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Advantage, everyone

Well-known tennis players hold court casually at the World Team Tennis league.

By Clayton CollinsStaff writer of The Christian Science Monitor / July 20, 2007



In 1989 Arantxa Sanchez-Vicario surprised Steffi Graf to win the first of her three French Open titles at age 17. Tonight she’s trading baseline blasts with Ashley Harkleroad, a lithe pro once hailed as the American Kournikova. Sanchez-Vicario tucks a small gold chain into her neckline and bears down, driving a forehand that slams into the mat near an unflinching line judge.

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“Let’s go, Lobsters,” someone yells, waving a foam claw. A Tom Petty song blares briefly as Sanchez-Vicario adjusts her headband and walks back to the service line. A fuzzy, bright-red crustacean mascot roams the outdoor bleachers here at Harvard University dispensing high-fives. Each child in this crowd of 500 or so clutches a racquet; every night here is racquet night, thanks to sponsor Advanta.

It’s just another day in World Team Tennis, the long-running pro league (www.wtt.com) with 11 coed teams around the US and a history of luring marquee-name participants. Venus Williams, fresh from her Centre Court triumph at Wimbledon, appeared here Wednesday, playing for the Philadelphia Freedoms.

The Newport Beach (Calif.) Breakers roster includes the names Sampras and Sharapova.

A $25, general-admission ticket gets a tennis lover up close for a night of doubles and singles events and a “half time” dance show. Parking at this venue is close and easy; $70 for the whole season (seven home games). A burger costs $3.

Local tennis instructors have come tonight to show their students some very accessible stars. Before her match, new Lobster Sanchez-Vicario had been out joking with fans and old-friend opponents from the New York Sporttimes. “There’s no tension or pressure,” the hall-of-famer had said off-court earlier, referring to the tennis she has played since her 2002 retirement. “And this weather,” she added, flashing her Sandra Bullock smile, “is like Spain.”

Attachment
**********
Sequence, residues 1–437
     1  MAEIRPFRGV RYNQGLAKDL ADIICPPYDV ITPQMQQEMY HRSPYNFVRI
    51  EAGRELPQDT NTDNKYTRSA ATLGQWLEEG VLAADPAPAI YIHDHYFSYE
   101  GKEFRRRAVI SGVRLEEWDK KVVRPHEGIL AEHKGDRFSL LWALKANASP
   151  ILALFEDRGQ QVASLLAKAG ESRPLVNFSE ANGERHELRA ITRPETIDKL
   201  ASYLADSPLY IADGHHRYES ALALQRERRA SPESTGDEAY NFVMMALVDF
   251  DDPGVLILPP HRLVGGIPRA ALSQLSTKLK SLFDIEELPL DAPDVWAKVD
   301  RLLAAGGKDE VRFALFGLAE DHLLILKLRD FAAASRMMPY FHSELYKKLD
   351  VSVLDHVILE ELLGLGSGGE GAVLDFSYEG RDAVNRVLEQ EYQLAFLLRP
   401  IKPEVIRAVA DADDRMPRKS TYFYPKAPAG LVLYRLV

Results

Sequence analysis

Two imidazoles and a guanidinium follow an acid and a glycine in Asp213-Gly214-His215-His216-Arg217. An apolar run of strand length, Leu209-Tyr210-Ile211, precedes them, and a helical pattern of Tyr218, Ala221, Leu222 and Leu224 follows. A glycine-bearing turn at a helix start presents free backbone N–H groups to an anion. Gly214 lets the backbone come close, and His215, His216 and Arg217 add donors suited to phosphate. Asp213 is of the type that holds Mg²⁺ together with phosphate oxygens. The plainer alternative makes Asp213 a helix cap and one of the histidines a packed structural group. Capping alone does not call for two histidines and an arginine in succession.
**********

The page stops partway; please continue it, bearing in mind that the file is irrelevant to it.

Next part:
WTT scoring is abbreviated: It’s four points to win, no deuce or advantage; the announcer calls “two all” instead of 30-30. The court looks a bit unusual – blue and brown surface areas along with standard green. The atmosphere is decidedly looser than it is at many hushed tournaments (Eastern and Western Conference champs play later this month for the WTT title).

Sheri Weber has come down tonight from suburban Winchester, Mass., with her daughters, Jaime and Lucy, and their friend Hayley. “It’s just a fun, casual event,” Ms. Weber says, ushering the pastel-clad trio into the stands. Memorable, too. At a WTT game she attended with her girls in Indian Wells, Calif., Jaime sat in the third row and caught an errant ball.

“Go to the US Open and you’re probably sitting 100 yards away,” says Bob Bahar, third-year owner of the Lobsters. He says he can remember when people who heard his job title would ask him why he was competing with Legal Seafoods. But awareness has grown. “I do this for the community involvement,” he says. “This is what it’s all about.”

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